Big data and analytics can transform how businesses operate. So what exactly is the reality of having a data scientist on board, or even outsourcing the work?
We interviewed Anthony Antoniou, our Head of Data Science, for his point of view on the day to day reality of what a data scientist is expected to deliver, and what actually interests him most.
Q: Why in general do clients come to you for outsourced data science services?
A: Clients come to us when they have a certain level of knowledge, but don’t have the skills or resources to undertake the analysis. Some are very good at phrasing the question they want to have answered, where others give us a much more open brief.
Q: So what is an example of an open brief?
A: A client who has a lot of data, and just wants to be shown what they can get out of it. A recent example has been a client with a large number of retail properties, who had several different sources of visitor data. We were asked to pull them together into a single short meaningful report for their board, which showed the trends in terms of the volumes and types of visitor, and where they were actually going to.
Q: And by contrast what would be an example of a very directed brief?
A: Someone who was trying to solve a very specific problem. We have a financial services client who was concerned about lapse rates, and wanted us to examine all the factors that impacted lapse. So we looked at how they were recruited, through which channel, what kind of people were being recruited, what product they were sold etc. Having looked at all the factors individually, we then looked at them multi-variately in order to find the combinations of factors that delivered customers with high and low lapse rates. The results helped the client a great deal in understanding where they needed to recruit.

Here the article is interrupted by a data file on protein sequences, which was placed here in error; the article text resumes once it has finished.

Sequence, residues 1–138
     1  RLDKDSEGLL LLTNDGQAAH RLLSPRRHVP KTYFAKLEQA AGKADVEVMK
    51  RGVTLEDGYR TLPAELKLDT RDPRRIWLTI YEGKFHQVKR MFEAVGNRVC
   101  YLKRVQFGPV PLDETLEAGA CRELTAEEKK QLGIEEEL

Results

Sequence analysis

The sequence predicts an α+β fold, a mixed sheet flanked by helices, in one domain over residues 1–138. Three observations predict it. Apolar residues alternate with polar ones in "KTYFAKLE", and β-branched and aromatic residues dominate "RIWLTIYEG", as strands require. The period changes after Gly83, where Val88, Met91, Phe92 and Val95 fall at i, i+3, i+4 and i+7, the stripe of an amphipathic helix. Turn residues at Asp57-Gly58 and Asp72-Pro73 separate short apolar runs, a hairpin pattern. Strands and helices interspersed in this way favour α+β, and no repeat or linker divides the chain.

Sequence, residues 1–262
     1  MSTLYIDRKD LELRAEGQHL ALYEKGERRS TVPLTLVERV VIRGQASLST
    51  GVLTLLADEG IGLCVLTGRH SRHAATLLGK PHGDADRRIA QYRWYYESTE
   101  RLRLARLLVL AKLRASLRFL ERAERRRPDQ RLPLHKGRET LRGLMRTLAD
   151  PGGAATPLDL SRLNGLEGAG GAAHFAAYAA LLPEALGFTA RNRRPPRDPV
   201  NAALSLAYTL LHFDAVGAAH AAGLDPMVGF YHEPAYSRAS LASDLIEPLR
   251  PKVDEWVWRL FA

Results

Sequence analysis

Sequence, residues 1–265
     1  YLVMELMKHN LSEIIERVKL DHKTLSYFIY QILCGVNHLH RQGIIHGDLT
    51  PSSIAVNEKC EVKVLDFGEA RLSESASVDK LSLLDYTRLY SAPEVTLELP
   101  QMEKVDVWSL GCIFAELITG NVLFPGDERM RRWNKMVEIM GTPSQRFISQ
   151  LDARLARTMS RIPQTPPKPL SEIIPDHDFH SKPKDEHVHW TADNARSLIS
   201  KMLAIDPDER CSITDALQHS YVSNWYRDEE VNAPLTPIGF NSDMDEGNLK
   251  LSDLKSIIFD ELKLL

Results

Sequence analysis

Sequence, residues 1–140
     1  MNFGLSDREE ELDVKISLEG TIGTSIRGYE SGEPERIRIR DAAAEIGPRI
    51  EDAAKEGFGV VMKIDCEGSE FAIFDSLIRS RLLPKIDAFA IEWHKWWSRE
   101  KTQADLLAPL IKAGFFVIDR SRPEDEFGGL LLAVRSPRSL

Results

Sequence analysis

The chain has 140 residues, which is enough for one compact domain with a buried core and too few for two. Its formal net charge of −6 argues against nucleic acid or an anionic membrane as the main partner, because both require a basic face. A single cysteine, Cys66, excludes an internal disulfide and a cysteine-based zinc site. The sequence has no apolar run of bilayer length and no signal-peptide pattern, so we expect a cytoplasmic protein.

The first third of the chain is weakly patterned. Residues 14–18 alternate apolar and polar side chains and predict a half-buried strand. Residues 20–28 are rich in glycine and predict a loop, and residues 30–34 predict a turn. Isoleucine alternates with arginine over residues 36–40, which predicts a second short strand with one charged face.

Q: Overall what kinds of project are given to outsourcing data scientists?
A: Well you can break them down into reporting and modelling. The clients who want reporting tend not to have any internal data manipulation skills, so that they have to rely on external help. However, with more and more self-service tools being made available like Tableau for instance, we expect that the amount of outsourced reporting is going to drop. But having said that, there could always be a role for a data-scientist in setting up a dashboard so that reporting becomes almost continuous. Dashboards can in themselves be quite simple or complex like for instance the customer journeys taken on a website and how they are linked to conversion.
Q: So what about the ones who want a model?
A: Generally clients who want a model tend to be the ones who want to optimise their marketing spend. The focus is on getting better value for money. For instance because emailing out catalogues is so expensive, home shopping companies get very particular about who they send them to. This leads to us building response and value propensity models for them and challenging their traditional recency, frequency and monetary value models, although these can be pretty effective in themselves. To optimise marketing spend one needs to stick to areas where everything is measurable. This often favours direct channels over broadcast like TV, although there are techniques we use for getting to understand the impact of broadcast channels.